Ron Finley calls himself a guerilla gardener from South Central (LA). He serves his community by empowering people to grow their own food. Around the same time I watched his widely viewed TED talk, I read Michelle Obamas book Becoming in which she also talks about the power of growing ones own food. Her modest White House kitchen garden started out with $200-worth of saplings that first yielded around 80 pounds of produce. Today, it yields 2000 pounds of food a year. Humans planted that garden, and every community garden Ron Finley designed around South Central. White House staff (in their suits and high heels I am assuming) and kids and grandmothers in LA took time to connect with one another, the soil, and the plants they nurtured. The children who witnessed kale grow from a seed to a plant were curious enough to eat the kale. As guts welcomed the healing nourishment, hearts gradually began to expand.

It works. It beautifies the dreary concrete. It feeds everyone, including the environment.

I have 4 small pots outside: they provide our house with all the kale we need for nourishing breakfasts, a few lemons when we run out, and all the mint, basil, and sage required to garnish our food. 4 small pots. In my concrete, tiled, urban citadel. My friend recently asked me if I felt like it hurt the plants when I plucked them (or ate them.) At the risk of sounding woo woo, I said it was the exact opposite. The more I consumed the kale, the more it yielded. When I neglect it, it withers.

Like my friendships.

I decided to pause my writing for an hour to take my dog for a walk, my ritual for the past few months since this beautiful being came into my life. I choose to listen to audio books and podcasts on my walks, my machine in my pocket filling the void. I think it is the bookworm in me wanting to soak wisdom every second. I still take in the sky, the trees, the earth and the piles of garbage.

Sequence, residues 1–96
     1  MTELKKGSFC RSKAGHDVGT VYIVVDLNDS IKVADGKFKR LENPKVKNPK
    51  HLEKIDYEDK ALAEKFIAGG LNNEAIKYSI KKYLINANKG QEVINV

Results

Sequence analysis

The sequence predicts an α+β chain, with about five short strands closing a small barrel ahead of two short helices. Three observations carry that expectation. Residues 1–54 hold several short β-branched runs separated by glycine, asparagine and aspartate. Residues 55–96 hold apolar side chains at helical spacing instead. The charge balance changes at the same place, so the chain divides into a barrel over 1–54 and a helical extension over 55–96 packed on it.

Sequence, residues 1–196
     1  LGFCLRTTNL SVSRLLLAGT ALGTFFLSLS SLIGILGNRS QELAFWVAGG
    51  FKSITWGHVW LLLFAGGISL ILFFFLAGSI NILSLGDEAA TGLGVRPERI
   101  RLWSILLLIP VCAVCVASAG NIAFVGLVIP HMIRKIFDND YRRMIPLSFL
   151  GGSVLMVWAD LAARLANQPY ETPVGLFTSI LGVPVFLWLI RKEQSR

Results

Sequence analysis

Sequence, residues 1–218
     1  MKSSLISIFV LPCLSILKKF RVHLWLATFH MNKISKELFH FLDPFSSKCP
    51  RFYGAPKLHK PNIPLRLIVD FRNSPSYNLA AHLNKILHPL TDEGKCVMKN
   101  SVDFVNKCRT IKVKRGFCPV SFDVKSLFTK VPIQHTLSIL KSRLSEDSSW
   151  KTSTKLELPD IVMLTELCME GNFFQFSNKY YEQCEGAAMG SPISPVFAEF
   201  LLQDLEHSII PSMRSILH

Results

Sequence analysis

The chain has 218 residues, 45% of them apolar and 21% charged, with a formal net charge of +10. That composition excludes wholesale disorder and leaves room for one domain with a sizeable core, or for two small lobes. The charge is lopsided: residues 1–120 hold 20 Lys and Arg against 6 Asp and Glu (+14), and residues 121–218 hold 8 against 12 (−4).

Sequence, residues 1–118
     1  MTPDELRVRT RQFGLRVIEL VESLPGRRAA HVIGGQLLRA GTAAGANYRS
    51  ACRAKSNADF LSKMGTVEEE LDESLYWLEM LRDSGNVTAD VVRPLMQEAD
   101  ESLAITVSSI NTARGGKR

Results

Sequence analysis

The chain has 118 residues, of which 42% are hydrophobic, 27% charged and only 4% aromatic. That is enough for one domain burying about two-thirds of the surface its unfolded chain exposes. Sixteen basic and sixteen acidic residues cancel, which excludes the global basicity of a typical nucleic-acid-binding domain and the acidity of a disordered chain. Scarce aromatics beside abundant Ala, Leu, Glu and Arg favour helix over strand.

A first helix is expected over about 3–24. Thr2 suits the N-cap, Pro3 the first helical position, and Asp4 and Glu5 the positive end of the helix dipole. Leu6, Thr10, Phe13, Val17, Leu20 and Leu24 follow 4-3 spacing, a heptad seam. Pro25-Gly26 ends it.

What are the odds that the podcast I choose to listen to is a conversation with Zach Bush MD, who has this to say:

The simple reality of the brokenness in the system has to do with the isolation of human relationships. If we dont reconnect with nature, we will just destroy it again.

What are the odds?

The state of the soil is a reflection of the state of humanity: barren, hardened, dry, lifeless, and suffocating under piles of plastic. It is desperate for air, for touch, for biology. It is broken but not hopeless.

Yuval Harari writes in 21 Lessons for the 21 Century that the only jobs that will not be replaced by artificial intelligence (AI) and robotics in the near future are ones that require emotional skills like empathy and compassion. AI will replace doctors but cannot replace nurses. We dont need scientists. We need care-givers. We don’t need teachers. We need mentors. Emotional skills are about relationships and connections, conversations and physical touch. They are about eye contact and body language. Coffee and kitchen counters.

They paved paradise and put up a parking lot.Joni Mitchell